BRATISLAVA, Slovakia (AP) — Slovak President Andrej Kiska called Sunday for substantial changes in the country’s coalition government or for an early election to resolve the “serious political crisis” resulting from the slayings of an investigative reporter and his fiancee.
His rival, Prime Minister Robert Fico, dismissed the president’s proposals.
For his last unfinished story, 27-year-old Kuciak reported on the influence of the Italian mafia in Slovakia and its possible ties to people close to the prime minister. The journalist and fiancee Martina Kusnirova were found fatally shot in their house on Feb. 25.
Tens of thousands of protesters marched in dozens of Slovak cities Friday to honor Kuciak, with some demanding the resignation of Fico’s government.
“There’s a huge public distrust of the state,” Kiska said in a televised speech Sunday. “And many don’t trust law enforcement authorities … This distrust is justified. We crossed the line, things went too far and there’s no way back.”
A junior party in the ruling coalition and opposition politicians have called for Interior Minister Robert Kalinak to resign. Kalinak, who was linked to an earlier corruption scandal, has refused.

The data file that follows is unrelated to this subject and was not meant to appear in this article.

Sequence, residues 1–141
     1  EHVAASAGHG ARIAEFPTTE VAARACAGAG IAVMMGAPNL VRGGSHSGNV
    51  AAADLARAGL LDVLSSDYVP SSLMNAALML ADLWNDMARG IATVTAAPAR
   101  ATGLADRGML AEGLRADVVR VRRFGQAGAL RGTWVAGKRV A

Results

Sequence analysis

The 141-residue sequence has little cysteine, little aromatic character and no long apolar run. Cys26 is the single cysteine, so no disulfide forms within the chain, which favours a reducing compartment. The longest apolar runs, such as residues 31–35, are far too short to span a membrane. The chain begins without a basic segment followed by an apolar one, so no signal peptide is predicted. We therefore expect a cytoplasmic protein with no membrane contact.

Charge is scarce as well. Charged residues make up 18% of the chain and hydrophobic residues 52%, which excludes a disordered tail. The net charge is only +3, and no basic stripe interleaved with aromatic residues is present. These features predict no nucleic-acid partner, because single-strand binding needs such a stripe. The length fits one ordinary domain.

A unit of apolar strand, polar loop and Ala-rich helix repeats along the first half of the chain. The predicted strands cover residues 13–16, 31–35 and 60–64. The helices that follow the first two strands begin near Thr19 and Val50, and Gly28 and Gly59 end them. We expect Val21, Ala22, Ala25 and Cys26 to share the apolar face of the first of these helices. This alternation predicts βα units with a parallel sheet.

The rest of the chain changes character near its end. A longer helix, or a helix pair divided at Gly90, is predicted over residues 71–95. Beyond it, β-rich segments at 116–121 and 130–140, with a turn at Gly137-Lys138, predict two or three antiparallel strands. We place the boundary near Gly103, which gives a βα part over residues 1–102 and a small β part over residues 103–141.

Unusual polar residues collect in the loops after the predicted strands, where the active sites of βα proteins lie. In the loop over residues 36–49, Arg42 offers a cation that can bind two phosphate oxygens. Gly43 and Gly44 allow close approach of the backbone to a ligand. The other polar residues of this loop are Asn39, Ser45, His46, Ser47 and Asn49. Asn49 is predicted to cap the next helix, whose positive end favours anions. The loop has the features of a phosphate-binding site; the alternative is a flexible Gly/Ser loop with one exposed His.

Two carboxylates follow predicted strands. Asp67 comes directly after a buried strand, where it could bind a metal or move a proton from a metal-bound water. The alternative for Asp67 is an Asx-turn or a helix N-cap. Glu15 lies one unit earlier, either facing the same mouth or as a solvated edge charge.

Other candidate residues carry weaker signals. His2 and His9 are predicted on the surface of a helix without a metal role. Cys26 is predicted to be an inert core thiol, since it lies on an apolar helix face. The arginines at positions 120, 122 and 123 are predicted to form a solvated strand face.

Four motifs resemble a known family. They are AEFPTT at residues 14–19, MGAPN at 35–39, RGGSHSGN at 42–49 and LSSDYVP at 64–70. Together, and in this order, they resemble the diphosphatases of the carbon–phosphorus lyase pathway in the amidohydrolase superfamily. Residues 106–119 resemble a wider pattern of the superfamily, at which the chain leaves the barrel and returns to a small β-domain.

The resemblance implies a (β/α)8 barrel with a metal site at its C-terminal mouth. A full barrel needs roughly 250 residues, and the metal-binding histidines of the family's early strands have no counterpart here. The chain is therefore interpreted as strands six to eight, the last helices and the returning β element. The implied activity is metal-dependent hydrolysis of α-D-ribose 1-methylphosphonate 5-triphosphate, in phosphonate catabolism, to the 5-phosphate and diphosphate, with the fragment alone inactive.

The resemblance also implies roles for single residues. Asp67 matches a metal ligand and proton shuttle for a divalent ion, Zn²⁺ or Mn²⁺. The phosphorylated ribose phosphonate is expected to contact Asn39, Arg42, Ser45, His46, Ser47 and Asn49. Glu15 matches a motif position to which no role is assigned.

Kiska says he will open talks with the country’s leaders in next days. Two coalition partners in government, the ultranationalist Slovak National Party and a party of ethnic Hungarians known as Most-Hid, said they were ready to meet Kiska.
Hours after the president’s address, Fico said any changes in the current three-party coalition government would have to be approved by the coalition members and the president has no say in the matter.
Fico said Kiska’s proposals denied the result of the 2016 parliamentary election. He charged that the president has sided with the opposition.
“I cannot agree with what Mr. President said,” Fico said.
An early election would have to be approved by parliament.
Kiska said he thinks the investigators in the case were doing a good job, but added that “many believe that this tragedy in many aspects reflects the Slovak reality.”
Earlier Sunday, Slovak authorities renewed their investigation of threats against Kuciak, who alleged last year that businessman Marian Kocner threatened him following the publication of a story about him. The reporter said he filed a complaint with police and alleged they failed to act.
Kocner has denied any wrongdoing.
During a debate Sunday on the TA3 news television, Prosecutor General Jaromir Ciznar acknowledged the previous complaint and said investigators will re-examine the threats. He added, however, that he personally didn’t believe the case had anything to do with Kuciak’s death.
Ciznar said Italian experts will likely join the local investigators working on the case.
The Slovaks previously have said the FBI, Britain’s Scotland Yard, Europol and police forces from Italy and the Czech Republic are helping them with the investigation.
A former Italian anti-mafia prosecutor has said that Italy tried to warn Slovakia about the increased influence of the Italian mafia there.